Goethe wrote the poem for the wedding celebration of friends in Switzerland in 1775, which explains the reason why the fifth line of the first strophe refers to the god, possibly Eros or Cupid, who has brought the company together. Apart from this it is very much a drinking-song of good fellowship streaked with the habitual concern for deeper things which these texts seem to require (though not in this case death and the hereafter). Schubert's music is jolly and hearty and is prophetic of the Trinklied
of Shakespeare of 1826 where passages of the vocal line are also doubled by both hands of the piano (here this unison appropriately mirrors the meaning of 'Uns hält der Gott zusammen'). The reference to flames ('Erneuert unsre Flammen') is introduced by a flickering contrary-motion arpeggio in semiquavers in the accompaniment and prompts a downward arpeggio in the voice on a dominant seventh on 'Flammen' – the only sign of temperament in an otherwise rather stolid vocal line. Thereafter Schubert makes a feature of it for the piano: the postlude is rendered relatively tricky by spluttering semiquaver sparks.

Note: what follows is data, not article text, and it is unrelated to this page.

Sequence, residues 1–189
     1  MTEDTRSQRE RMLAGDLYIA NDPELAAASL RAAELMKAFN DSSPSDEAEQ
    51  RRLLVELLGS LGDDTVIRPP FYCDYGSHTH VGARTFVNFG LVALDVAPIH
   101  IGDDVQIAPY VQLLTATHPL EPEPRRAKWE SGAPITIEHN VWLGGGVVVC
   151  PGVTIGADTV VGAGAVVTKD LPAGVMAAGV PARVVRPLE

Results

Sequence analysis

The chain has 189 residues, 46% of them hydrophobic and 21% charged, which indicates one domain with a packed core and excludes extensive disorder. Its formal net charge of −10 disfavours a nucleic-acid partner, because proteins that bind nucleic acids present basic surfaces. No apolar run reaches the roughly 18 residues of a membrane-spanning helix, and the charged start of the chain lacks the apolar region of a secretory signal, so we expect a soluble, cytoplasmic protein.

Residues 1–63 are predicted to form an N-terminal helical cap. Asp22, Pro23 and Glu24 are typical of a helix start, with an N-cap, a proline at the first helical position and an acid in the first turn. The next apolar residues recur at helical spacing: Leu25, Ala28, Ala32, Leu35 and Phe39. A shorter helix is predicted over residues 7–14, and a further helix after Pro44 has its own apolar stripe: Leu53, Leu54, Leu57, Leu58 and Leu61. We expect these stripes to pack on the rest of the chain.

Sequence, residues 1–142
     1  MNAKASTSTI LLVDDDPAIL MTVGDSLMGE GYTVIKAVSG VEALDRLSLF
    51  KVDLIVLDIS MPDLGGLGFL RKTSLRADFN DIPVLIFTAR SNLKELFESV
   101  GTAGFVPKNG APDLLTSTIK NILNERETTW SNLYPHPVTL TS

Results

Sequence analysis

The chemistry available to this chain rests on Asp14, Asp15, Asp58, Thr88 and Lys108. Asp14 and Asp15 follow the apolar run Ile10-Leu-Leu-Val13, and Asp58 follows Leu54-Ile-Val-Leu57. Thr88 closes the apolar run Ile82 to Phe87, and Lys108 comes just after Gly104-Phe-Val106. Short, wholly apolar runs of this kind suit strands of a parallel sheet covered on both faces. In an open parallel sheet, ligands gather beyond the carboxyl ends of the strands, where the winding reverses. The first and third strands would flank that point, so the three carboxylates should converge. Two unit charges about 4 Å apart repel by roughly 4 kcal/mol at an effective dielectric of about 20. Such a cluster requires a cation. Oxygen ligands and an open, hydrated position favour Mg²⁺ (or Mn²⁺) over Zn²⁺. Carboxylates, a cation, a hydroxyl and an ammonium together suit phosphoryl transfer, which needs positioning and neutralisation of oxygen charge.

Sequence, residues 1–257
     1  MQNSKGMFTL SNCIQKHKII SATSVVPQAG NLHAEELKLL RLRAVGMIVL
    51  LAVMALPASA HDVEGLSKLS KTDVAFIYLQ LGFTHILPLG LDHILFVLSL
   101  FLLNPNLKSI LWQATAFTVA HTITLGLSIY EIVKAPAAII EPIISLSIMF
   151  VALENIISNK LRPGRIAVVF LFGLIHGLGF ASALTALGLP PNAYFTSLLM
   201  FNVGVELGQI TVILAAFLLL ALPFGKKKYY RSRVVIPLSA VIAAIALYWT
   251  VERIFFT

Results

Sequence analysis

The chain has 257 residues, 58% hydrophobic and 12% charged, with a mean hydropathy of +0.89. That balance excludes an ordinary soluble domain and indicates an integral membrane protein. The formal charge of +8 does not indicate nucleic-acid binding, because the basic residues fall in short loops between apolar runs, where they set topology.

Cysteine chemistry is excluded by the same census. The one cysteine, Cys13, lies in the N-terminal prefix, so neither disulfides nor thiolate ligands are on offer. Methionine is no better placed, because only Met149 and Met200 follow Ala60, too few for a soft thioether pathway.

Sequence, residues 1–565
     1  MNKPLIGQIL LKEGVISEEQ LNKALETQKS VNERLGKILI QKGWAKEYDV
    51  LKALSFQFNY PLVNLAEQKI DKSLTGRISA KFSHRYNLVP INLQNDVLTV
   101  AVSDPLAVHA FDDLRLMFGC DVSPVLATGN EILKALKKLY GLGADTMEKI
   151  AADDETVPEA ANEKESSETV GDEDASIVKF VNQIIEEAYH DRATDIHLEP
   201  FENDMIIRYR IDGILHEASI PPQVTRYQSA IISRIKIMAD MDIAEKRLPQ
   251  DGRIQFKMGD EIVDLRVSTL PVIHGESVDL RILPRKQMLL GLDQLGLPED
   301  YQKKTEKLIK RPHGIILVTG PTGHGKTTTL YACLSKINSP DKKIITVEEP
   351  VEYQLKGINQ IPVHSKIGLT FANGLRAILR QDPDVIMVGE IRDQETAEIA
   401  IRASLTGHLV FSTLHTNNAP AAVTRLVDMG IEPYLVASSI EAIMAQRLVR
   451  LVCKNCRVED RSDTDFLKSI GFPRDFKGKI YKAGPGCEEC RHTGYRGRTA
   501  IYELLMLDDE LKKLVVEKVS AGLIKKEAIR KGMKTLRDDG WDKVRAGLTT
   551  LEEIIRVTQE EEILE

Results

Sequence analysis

from notes by Graham Johnson © 1995